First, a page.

By the way: if you’re doing tweens, absolutely stay away from the server if you aren’t doing so already. It’s easier on you to write it but more taxing on performance to carry it out. If a tween needs to be done, get the server to pass data to all clients and have the clients run the tweens.

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Thank you for the detailed reply!

I am using ShadowMap lighting, it looks very nice though noticing the Scene bar I figure that it’s costly. Is this true? I would hope not as I can’t see myself switching back to Voxel or Compatibility as ShadowMap truly completes the game aesthetically.

As for Humanoids & Tweening, I have a lot of humanoids but 75% of them perform animations only and act as nothing else.

I did not know Tweening was so costly to the server. :thinking: I did a stress test when I was testing Tweening vs Humanoid:MoveTo() for pathing and tweening the characters cut the lag in half.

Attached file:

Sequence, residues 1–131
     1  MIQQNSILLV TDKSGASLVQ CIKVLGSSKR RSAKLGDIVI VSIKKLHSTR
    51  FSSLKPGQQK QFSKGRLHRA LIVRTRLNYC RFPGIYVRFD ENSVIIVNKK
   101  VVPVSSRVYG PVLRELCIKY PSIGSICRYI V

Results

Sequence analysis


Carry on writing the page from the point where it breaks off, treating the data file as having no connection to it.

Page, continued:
I feel the method for tweening you mention sounds like it could be more bad than good at least for my game.
Just one of the things that move are enemies, and they walk down a long path marked with nodes to reach the end. Sometimes they can be ‘Stunned’ which halts their pathing for a time, or sometimes other things will stop them very, very frequently. Sometimes there are up to 100 or more of these enemies. Would this not be more costly to be firing to all clients?

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If you’re already using Tweening to move them around, maybe it wouldn’t be so hard to convert your NPCs to non-Humanoid NPCs? Just a thought. For some reason, Humanoids cause huge amounts of physics lag. I also had this problem before.

See here: NPCs Causing FPS Drops

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But how would I use animations if I removed the humanoids?

I know there’s lerping and such but I would have to revamp almost everything and CFraming animations is ridiculously tedious.

Again, most of my post is based off of assumptions. I have absolutely no clue what I’m talking about, but hopefully something I said has some relevance and could potentially see improvements if picked away at. I just read the labels and made as best a guess I could.

I would assume that it is costly, considering that ShadowMap has significantly more to render especially with shadows and the control you’re given over them. I’m talking about the properties of Lighting and the ability to cast shadows from BaseParts.